Tue 21st July 2009
Support from John Stammers
An entry in the 9hz albums of 2008 with 'April' (I've seen the list even if most of you haven't), I feel justified in reviewing Kozs' most recent trip to the UK despite it being (mostly) very un-rock. First off, if you ever get chance to see a band or live act in St Philips church, go for it. A million miles away from most concert venues, or at least the ones I find myself in far too often, a gig in a church is a fairly impressive experience, even a relatively modern one lacking the domed ceilings and other architecture designed to amplify sound normally found in older churches. Boris must have been epic in here.
The atmosphere was relaxed and Koz wandered out onto the stage a few minutes late but seemingly in good spirits, tolerating the heckles of 'Uncle Joe' which came before he launched into first song 'Glen Tipton' (look, rock!). What hit me instantly was the quality of his guitar playing and obviously, that voice which was note perfect throughout the show as far as I could tell. He seemed a little frustrated with being so far back from the crowd and how bright it was but relaxed once the relevant lightswitch was found, joking with the crowd and even leaving the gig briefly as he'd left his setlist backstage.
The set was split between around 6 Red House Painters songs, 3 from 'Ghosts...' and only 3 from the most recent 'April', a slightly odd choice but credit to Kozelek for giving the crowd what they want to hear instead of just trying to hock his new album. The real suprise was when he began talking about Michael Jackson before covering 'I'll Be There'. Just him and his guitar and pruning the song of the schmaltzier verses, it turned into a genuinely moving lament about unrequited love and was an unexpected highlight of the evening. It all seemed over too soon, and a short encore of 'Things Mean a Lot' (apparently never played live before) and personal favourite 'Blue Orchids' rounded off what, with hindsight, was a fairly substantial set, although the latter boasted one of the evenings only obvious guitar mistakes.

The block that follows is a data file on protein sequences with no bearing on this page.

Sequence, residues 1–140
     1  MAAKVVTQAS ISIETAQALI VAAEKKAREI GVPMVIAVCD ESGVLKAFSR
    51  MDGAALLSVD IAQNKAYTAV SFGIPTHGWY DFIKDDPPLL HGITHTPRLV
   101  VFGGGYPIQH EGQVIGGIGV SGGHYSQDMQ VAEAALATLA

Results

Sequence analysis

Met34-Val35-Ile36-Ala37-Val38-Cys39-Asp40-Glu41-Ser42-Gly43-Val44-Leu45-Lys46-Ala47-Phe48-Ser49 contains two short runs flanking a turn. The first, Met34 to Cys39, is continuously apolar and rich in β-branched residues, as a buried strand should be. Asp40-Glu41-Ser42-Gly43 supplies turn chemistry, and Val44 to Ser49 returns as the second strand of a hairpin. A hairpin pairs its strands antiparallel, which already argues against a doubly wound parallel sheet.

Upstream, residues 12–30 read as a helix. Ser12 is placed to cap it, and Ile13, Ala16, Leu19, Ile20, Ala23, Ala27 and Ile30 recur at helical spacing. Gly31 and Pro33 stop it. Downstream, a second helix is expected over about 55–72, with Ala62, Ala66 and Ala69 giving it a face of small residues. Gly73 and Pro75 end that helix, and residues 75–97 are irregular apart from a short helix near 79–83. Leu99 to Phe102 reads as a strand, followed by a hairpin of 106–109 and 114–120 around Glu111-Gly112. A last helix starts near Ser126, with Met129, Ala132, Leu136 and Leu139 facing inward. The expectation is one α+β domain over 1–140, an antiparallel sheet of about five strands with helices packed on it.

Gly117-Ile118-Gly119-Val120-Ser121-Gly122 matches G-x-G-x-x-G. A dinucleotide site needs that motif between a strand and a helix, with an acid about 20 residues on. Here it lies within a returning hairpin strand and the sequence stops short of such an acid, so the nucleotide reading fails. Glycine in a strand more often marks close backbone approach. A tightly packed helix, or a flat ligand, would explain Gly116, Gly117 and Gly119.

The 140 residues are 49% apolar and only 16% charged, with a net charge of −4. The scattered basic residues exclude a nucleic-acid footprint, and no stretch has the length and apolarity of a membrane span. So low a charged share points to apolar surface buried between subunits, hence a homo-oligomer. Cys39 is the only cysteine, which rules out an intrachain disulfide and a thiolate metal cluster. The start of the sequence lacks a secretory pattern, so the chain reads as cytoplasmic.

Personally, I would have preferred less RHP songs and more Sun Kil Moon material, never having managed to get into RHP. The total lack of 'Tiny Cities' stuff was also a shame, but with a set this good it was hard to find fault, and there's always 'Lost Verses Live' to put on in the car for familiar live tracks. In all, it was a unique experience and I couldn't have asked for a better introduction to the great mans live shows.